Showing posts with label New Testament. Show all posts
Showing posts with label New Testament. Show all posts

Saturday, June 03, 2023

Mining the Minors: Habakkuk (9)

Psalm 110 and Isaiah 53 are among the most-quoted passages in the New Testament. However, if we break the quotations down to individual verses, Habakkuk 2:4 is also right up there, appearing on three separate occasions as evidence for three slightly different lines of theological argument.

Before we consider how the NT writers use it, however, we should probably consider the point Habakkuk was making in its original context.

Tuesday, May 23, 2023

Absence of Evidence and Evidence of Absence

“As for prophecies, they will pass away; as for tongues, they will cease; as for knowledge, it will pass away. For we know in part and we prophesy in part, but when the perfect comes, the partial will pass away.”

Absence of evidence is not evidence of absence.


The End of (Certain) Spiritual Gifts

Most scholars believe Paul wrote the words quoted above somewhere between AD54 and 55. All Christians can agree he is saying that certain spiritual gifts will cease to exist at some then-future date. The questions much disputed among believers boil down to when and why. Some people say tongues, prophecy and other gifts like them have already ceased. Others argue Paul is saying they will cease at the end of the church era when Christ returns. Perhaps, but if so, why not mention the cessation of teaching, service, hospitality, administration and the other gifts we still see on display in our churches?

Saturday, February 04, 2023

Mining the Minors: Micah (22)

Sometimes the writers of the New Testament directly quote the prophets of old. Other times, they make allusions or obscure, paraphrastic references to prophetic subject matter. Readers may find it a little more difficult to be confident about whether these really mean what people say they mean. There are also cases, I think, where the writers of the New Testament are said to have a particular Old Testament passage in mind, and on closer examination it turns out they were probably thinking of something else entirely.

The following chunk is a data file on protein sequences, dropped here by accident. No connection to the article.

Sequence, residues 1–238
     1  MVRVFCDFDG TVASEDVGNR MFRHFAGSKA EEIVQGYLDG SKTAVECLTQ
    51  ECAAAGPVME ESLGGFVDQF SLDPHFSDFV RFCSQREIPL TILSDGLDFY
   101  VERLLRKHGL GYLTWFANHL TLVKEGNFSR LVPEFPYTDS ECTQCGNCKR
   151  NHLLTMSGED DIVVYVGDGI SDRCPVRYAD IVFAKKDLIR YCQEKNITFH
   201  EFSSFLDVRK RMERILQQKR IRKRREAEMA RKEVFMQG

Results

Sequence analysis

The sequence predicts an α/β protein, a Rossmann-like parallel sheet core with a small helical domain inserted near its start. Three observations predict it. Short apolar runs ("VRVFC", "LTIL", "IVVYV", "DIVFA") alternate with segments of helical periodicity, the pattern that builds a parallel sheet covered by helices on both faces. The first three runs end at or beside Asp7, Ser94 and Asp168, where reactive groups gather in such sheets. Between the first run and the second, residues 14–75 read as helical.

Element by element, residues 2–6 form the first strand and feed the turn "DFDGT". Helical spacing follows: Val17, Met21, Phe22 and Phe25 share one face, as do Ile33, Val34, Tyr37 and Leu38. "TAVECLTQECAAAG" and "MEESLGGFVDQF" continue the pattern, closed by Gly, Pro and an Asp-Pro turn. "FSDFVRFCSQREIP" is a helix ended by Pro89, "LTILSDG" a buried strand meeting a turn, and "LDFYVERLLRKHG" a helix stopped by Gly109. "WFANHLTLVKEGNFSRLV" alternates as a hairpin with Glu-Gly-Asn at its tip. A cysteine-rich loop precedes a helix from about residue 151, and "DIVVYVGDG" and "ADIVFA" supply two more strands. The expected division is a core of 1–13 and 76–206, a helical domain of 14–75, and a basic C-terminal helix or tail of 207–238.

Let’s finish up our study in Micah by examining a few such passages in the New Testament. Some of these we can be very sure of, others not so much.

Tuesday, June 01, 2021

Orderly Meditation: A (Very Late) Follow-Up

Quite some time ago, I wrote a post on the subject of the order of the books of the New Testament, which, as most of our readers are probably aware, is anything but chronological. I noted that I had decided to start reading the NT in the order it was written (as far as we are able to determine) on my next daily pass through the Bible “just to see how it goes”.

Time flies, and more than five years have passed since I wrote those words. I am just starting my eighth straight trip through the NT in chronological order, which seems as good a time as any to report on the experience.

I’m going to give it a big thumbs-up.

Saturday, February 06, 2016

Orderly Meditation

Have you ever thought about why the books of our New Testament are ordered the way they are?

They’re not alphabetical, like a reference work. We can see that right away.

They’re definitely not completely chronological, like most novels or histories. Read the NT through a few times and that will certainly become evident. There is some evidence of chronology, certainly, in the sense that the four gospels come first, but Acts is a history that spans a period of decades during which most of Paul’s epistles were written. If we were able to determine precisely when each epistle was written, we might try to slot them in between chapters of Acts, but that would make for an awkward read.

Some have argued that the order is providential (in fact, in 1864, Thomas D. Bernard did that precisely), but good luck trying to make that case. You’d pretty much have to take that on faith.